29 July - 4 August 2016 #819

22 governments in 26 years

The economic cost to Nepal of decades of political disarray
Manish Jha


By staying in a country we accept the policies of its government and the system of the state. Our national identity means that this state system has also accepted us as citizens of the country.

A government is a system by which a state or community is controlled, but a citizen of a country may sometimes be uncertain about what to expect from the state when its government, policy and logic of existence are not clear.

In 1990, the Nepali people hoped that, with democracy, the country was headed towards socio-economic development. Krishna Prasad Bhattarai became prime minister of a transitional government to draft a new constitution and organise elections. The GDP growth rate of Nepal was 6.3 per cent. A new political system and the hope of rule of law meant that investments flowed in and the market and state processes functioned smoothly.

Under Bhattarai’s leadership we got Nepal’s fifth constitution, and the 1992 elections were clean, with a high turnout. By the time Girija Prasad Koirala became prime minister, Nepal’s economic growth rate was 4.6 per cent, and when he stepped down two years later, it was down to 2.9 per cent.

He introduced new economic and investment policies that started showing positive results, but infighting within the Nepali Congress forced him out. Midterm elections and political confusion created disturbances in economic growth.

It was not easy for UML Prime Minister Manmohan Adhikari to carry on with the same pace of economic growth. But Koirala’s investment policies and Adhikari’s socialist principles created a good balance, and economic growth spurted to 7.6 per cent. Today, lots of Nepalis still believe that 1992 to 1994 was the golden era of Nepal’s economic development. Media liberalisation, easing foreign employment, and social benefits for senior citizens marked a major turning point in Nepal’s economy.

Then it was the turn of the NC’s Sher Bahadur Deuba, but soon the country was mired in the Maoist conflict. The GDP growth rate plummeted to 2.7 per cent, a big loss for a developing nation.

After Deuba, the prime ministership was akin to a game of musical chairs: Lokendra Bahadur Chanda, Surya Bahadur Thapa, Girija Prasad Koirala, Krishna Prasad Bhattarai, and back again to Deuba. The conflict ended, and so did the monarchy. Comrade Prachanda came down from the mountains to be sworn in as elected Prime Minister Pushpa Kamal Dahal in 2008. It took a while for him to understand how a government functioned. Unable to give up his militant ways, he failed miserably and the economy suffered even more than before.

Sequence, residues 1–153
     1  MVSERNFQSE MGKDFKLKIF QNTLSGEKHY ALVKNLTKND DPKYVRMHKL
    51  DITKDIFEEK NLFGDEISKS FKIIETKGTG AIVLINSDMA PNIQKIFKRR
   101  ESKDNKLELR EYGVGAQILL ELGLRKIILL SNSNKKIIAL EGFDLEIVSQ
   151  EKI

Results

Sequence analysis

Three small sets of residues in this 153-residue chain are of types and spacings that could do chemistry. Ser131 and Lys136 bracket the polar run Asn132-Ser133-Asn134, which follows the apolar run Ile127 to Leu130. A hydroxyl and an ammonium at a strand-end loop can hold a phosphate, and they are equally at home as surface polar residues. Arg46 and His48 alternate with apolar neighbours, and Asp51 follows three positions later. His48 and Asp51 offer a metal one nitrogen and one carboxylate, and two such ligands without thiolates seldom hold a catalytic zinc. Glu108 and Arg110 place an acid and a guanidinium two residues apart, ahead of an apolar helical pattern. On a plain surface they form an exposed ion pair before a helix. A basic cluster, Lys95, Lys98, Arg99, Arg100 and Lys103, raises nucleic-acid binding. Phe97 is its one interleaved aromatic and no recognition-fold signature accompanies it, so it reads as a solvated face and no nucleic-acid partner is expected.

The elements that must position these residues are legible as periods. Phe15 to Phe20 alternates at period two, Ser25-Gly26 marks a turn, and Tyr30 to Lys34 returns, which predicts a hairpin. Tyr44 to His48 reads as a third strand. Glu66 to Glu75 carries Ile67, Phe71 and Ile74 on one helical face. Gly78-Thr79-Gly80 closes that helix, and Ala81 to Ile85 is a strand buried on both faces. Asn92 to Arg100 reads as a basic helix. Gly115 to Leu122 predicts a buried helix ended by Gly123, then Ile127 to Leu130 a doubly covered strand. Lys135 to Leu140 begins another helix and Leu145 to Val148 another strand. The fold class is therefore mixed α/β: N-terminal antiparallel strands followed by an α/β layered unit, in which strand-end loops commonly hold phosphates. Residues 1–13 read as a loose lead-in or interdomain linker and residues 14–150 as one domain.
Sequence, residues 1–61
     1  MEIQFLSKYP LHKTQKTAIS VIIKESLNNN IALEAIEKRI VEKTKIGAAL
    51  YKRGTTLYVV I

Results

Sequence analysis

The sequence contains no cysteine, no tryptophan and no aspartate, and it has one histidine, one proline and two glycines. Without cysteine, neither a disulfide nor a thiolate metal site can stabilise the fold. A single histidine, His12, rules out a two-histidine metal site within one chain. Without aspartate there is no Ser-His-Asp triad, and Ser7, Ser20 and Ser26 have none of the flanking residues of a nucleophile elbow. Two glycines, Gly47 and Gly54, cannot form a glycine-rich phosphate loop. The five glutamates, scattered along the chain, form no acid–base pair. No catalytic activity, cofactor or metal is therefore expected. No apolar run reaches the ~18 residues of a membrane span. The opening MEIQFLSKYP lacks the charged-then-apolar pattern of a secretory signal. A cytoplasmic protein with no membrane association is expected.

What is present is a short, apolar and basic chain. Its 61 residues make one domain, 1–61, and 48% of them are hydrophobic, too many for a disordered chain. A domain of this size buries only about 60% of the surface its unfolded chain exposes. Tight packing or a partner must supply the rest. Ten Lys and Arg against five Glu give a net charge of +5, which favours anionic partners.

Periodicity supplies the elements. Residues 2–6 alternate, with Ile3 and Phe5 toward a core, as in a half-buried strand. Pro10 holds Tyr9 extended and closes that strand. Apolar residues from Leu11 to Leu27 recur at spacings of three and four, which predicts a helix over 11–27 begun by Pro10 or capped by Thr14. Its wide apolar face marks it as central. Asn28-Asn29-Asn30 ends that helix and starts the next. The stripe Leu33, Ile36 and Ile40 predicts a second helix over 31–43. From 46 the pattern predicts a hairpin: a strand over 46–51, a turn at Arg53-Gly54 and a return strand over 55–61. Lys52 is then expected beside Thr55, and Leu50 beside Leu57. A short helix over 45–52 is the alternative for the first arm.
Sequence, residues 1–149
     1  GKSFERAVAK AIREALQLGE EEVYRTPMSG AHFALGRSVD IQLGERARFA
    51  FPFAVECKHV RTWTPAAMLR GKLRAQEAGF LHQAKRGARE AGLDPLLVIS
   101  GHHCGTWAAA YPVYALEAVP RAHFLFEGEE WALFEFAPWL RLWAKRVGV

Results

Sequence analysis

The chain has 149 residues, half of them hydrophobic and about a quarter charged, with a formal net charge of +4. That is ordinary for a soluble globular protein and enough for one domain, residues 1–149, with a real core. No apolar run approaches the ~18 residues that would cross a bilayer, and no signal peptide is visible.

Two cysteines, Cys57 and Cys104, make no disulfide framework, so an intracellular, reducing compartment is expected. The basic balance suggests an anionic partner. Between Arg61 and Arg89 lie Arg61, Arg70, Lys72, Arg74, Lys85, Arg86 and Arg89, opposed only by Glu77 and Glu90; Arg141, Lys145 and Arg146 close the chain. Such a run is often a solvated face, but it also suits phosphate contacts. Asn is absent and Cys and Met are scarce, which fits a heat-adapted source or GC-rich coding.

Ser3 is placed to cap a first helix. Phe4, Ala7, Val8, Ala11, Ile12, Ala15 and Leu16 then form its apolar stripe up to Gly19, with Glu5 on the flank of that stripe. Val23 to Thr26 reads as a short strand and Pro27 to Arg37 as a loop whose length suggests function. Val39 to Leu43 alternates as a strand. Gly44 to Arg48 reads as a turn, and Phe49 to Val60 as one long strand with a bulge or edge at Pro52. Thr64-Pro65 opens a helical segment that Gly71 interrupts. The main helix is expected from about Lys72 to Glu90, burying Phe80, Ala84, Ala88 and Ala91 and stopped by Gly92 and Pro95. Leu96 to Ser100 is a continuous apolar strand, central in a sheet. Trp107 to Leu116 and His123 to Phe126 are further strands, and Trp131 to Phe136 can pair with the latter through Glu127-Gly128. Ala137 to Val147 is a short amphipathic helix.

After he resigned in 2009, it was the turn of the UML’s Madhav Kumar Nepal. One might say that Nepal tried to reform the bureaucracy, but he was in office for too short a time to complete it. Jhalnath Khanal then had a brief stint, before being replaced by Baburam Bhattarai, who made a lot of populist moves, but the country suffered the consequences of making too many compromises in the distribution of ministry portfolios to smaller parties.The only thing people today remember about Baburam Bhattarai’s tenure is that he started widening Kathmandu’s roads.

Chief Justice Khil Raj Regmi was appointed prime minister just to conduct elections. He streamlined the administration and the 2013 elections went well. Sushil Koirala of the Nepali Congress replaced Regmi, and he pushed through with the Constitution, but that was about all he did. Koirala may have been honest, but the economy stagnated and took a direct hit from the earthquake of April 2015.

Koirala stepped down, as agreed, to make way for KP Oli, and the country was immediately embroiled in bloody protests in the Madhes followed by a debilitating blockade which had a dramatic impact on the economy.

That, in a nutshell, is the story of Nepal from 1990 to 2016. Politics has been the biggest hindrance to Nepal’s economic growth. We have been through several coalition governments, which have proven to be an inefficient model. Our political leaders are incapable of teamwork in the national interest — the most important ingredient required for the economic growth and development of a nation.

Manish Jha is co-founder and general manager of FACTS Nepal. @manishjhanepal

Read also:

Life in pictures

1951, 1960, 1972, 1980, 1990, 2001, Editorial

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